The Golden Dustman falls into Worse Company

IT had come to pass that Mr. Silas Wegg now rarely attended the minion of fortune and the worm of the hour, at his (the worm’s and minion’s) own house, but lay under general instructions to await him within a certain margin of hours at the Bower. Mr. Wegg took this arrangement in great dudgeon, because the appointed hours were evening hours, and those he considered precious to the progress of the friendly move. But it was quite in character, he bitterly remarked to Mr. Venus, that the upstart who had trampled on those eminent creatures, Miss Elizabeth, Master George, Aunt Jane, and Uncle Parker, should oppress his literary man.

The Roman Empire having worked out its destruction, Mr. Boffin next appeared in a cab with Rollin’s Ancient History, which valuable work being found to possess lethargic properties, broke down, at about the period when the whole of the army of Alexander the Macedonian (at that time about forty thousand strong) burst into tears simultaneously, on his being taken with a shivering fit after bathing. The Wars of the Jews, likewise languishing under Mr. Wegg’s generalship, Mr. Boffin arrived in another cab with Plutarch: whose Lives he found in the sequel extremely entertaining, though he hoped Plutarch might not expect him to believe them all. What to believe, in the course of his reading, was Mr. Boffin’s chief literary difficulty indeed; for some time he was divided in his mind between half, all, or none; at length, when he decided, as a moderate man, to compound with half, the question still remained, which half? And that stumbling-block he never got over.

One evening, when Silas Wegg had grown accustomed to the arrival of his patron in a cab, accompanied by some profane historian charged with unutterable names of incomprehensible peoples, of impossible descent, waging wars any number of years and syllables long, and carrying illimitable hosts and riches about, with the greatest ease, beyond the confines of geography — one evening the usual time passed by, and no patron appeared. After half an hour’s grace, Mr. Wegg proceeded to the outer gate, and there executed a whistle, conveying to Mr. Venus, if perchance within hearing, the tidings of his being at home and disengaged. Forth from the shelter of a neighbouring wall, Mr. Venus then emerged.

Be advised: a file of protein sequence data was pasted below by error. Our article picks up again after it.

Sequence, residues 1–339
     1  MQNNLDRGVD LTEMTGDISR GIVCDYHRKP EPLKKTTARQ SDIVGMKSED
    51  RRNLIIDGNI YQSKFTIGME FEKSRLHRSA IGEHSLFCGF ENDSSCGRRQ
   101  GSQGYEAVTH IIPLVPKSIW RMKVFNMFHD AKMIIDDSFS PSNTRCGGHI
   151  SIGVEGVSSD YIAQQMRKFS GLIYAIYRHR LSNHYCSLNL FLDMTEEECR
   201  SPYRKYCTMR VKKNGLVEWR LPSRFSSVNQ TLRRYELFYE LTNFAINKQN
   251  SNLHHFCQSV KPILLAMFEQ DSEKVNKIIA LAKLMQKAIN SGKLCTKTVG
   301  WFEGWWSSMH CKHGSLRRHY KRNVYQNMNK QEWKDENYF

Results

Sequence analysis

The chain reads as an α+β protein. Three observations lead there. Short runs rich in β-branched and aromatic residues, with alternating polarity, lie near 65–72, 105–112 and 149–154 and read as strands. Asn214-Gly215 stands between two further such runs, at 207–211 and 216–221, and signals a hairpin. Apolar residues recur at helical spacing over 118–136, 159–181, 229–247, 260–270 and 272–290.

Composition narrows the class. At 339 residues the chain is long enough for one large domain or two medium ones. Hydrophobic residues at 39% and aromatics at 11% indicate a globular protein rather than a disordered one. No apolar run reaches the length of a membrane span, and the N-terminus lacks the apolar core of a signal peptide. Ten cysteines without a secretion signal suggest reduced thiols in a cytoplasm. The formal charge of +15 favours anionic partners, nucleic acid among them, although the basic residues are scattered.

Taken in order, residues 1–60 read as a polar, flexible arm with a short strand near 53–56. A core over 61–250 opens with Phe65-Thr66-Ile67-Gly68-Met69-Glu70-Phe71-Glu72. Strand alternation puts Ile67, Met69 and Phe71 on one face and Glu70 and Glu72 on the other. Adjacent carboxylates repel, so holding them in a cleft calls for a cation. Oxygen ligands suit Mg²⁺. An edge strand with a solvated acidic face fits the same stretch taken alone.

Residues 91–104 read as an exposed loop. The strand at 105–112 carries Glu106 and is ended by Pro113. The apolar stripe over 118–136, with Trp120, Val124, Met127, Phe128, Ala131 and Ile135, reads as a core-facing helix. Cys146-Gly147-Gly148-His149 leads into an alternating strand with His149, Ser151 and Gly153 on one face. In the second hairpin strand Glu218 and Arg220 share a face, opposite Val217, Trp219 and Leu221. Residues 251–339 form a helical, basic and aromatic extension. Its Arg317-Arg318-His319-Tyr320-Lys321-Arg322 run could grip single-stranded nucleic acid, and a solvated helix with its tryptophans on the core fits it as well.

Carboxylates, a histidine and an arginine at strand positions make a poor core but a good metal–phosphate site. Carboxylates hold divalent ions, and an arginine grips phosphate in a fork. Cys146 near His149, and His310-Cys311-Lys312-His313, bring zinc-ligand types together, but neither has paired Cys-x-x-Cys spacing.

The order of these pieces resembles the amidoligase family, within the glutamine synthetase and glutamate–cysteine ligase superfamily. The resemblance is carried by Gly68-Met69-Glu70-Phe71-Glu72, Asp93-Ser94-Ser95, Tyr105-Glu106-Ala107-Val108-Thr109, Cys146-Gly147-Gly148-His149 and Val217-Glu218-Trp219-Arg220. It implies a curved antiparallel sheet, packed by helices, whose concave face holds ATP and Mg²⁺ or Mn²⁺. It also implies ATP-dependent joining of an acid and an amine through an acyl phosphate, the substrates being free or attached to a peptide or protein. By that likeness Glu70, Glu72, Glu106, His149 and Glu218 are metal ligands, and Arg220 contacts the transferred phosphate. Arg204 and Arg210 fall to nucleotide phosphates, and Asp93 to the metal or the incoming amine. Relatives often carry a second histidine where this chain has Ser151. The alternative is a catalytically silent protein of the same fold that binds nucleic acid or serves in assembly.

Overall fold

“Brother in arms,” said Mr. Wegg, in excellent spirits, “welcome!”

In return, Mr. Venus gave him a rather dry good evening.

“Walk in, brother,” said Silas, clapping him on the shoulder, “and take your seat in my chimley corner; for what says the ballad?

‘No malice to dread, sir,
 And no falsehood to fear,
 But truth to delight me, Mr. Venus,
 And I forgot what to cheer.
 Li toddle dee om dee.
 And something to guide,
 My ain fireside, sir,
 My ain fireside.’ ”

With this quotation (depending for its neatness rather on the spirit than the words), Mr. Wegg conducted his guest to his hearth.

“And you come, brother,” said Mr. Wegg, in a hospitable glow, “you come like I don’t know what — exactly like it — I shouldn’t know you from it — shedding a halo all around you.”

“What kind of halo?” asked Mr. Venus.

“ ’Ope sir,” replied Silas. “That’s your halo.”

Mr. Venus appeared doubtful on the point, and looked rather discontentedly at the fire.

“We’ll devote the evening, brother,” exclaimed Wegg, “to prosecute our friendly move. And arterwards, crushing a flowing wine-cup — which I allude to brewing rum and water — we’ll pledge one another. For what says the Poet?

‘And you needn’t Mr. Venus be your black bottle, For surely I’ll be mine, And we’ll take a glass with a slice of lemon in it to which you’re partial, For auld lang syne.’ ”

  By PanEris using Melati.

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